On August 7, Karen and I will have been married for 37 years. What better way to celebrate than by publishing an excerpt from my book The Mystery of Marriage, which is almost as old? (Well, actually I can think of a few better ways to celebrate …)
Samuel Taylor Coleridge’s poem “Kubla Khan” has a fascinating story attached to it. It seems this poem came to Coleridge fullblown in a dream.
Nearly twenty years have passed since I completed the experiment in joy that changed my life, which I wrote about in my book Champagne for the Soul. Sometimes I’m asked whether the joy I discovered back in 1999 really has continued, every day, down to this present day. The answer is yes, and I want to say something about how this works in practice.
My daughter Heather is a blogger. For several years I’ve noticed what a fine writer she is, but now she’s really hit her stride and found her voice. It’s a deep voice, deeply thought and felt, and she expresses herself beautifully and in surprising ways.
Shout for joy to the Lord, all the earth.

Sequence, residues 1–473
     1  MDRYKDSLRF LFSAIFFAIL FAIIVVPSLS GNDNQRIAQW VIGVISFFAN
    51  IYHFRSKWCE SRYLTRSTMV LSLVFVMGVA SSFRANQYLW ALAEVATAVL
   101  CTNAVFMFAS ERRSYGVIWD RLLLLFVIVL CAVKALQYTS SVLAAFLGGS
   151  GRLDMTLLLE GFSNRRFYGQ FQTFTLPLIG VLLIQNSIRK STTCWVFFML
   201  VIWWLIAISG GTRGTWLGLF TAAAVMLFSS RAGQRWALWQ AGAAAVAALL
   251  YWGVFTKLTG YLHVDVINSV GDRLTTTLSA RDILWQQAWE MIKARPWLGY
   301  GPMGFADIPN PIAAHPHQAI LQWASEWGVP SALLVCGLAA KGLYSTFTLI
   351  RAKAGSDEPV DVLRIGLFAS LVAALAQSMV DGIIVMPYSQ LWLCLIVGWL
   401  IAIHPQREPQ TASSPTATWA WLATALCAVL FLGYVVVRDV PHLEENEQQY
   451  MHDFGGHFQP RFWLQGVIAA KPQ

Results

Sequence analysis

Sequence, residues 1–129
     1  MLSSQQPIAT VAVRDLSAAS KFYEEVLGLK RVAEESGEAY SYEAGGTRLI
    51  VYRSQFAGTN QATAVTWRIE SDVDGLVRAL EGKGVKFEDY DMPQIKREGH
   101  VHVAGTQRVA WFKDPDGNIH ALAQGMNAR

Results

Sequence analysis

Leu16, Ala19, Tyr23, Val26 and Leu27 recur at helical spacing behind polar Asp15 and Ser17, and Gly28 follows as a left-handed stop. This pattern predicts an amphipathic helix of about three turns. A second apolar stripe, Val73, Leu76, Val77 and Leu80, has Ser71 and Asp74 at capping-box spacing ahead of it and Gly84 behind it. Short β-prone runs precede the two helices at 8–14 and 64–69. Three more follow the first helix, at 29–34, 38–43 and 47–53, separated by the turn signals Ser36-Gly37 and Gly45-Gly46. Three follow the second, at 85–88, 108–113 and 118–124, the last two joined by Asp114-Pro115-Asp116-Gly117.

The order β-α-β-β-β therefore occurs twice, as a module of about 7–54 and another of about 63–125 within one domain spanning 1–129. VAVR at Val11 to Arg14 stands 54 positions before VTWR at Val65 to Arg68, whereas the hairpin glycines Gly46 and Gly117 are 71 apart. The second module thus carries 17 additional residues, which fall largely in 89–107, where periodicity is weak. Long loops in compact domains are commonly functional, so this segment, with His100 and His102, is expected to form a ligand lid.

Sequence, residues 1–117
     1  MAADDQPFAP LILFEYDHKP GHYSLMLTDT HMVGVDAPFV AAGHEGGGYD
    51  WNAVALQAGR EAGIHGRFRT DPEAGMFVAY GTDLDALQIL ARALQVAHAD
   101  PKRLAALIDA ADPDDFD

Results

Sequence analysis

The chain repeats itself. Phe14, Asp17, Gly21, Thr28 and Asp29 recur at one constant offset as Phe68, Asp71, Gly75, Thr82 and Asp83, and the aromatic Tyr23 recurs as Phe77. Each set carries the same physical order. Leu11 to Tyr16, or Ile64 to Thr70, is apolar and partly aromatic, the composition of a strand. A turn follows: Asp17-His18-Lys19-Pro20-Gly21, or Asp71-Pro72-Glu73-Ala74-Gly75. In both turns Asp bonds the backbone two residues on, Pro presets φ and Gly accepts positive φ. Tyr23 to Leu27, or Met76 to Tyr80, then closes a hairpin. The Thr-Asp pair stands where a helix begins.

Worship the Lord with gladness;
come before Him with joyful songs.
In the wake of the Easter Sunday terrorist attacks on churches in Sri Lanka, my thoughts turned to the grim reality of Christian martyrdom in modern times.
This week, a reflection on Easter by Frederica Mathewes-Green:
Looking ahead to Palm Sunday, a poem and a meditation by the English poet Malcolm Guite.
I’ve always wondered about John’s use of the word Logos in the first verse of his gospel: “In the beginning was the Word [Logos], and the Word was with God, and the Word was God.” What exactly does this mean? Of all the terms John could have used to refer to Jesus Christ, why call Him Logos?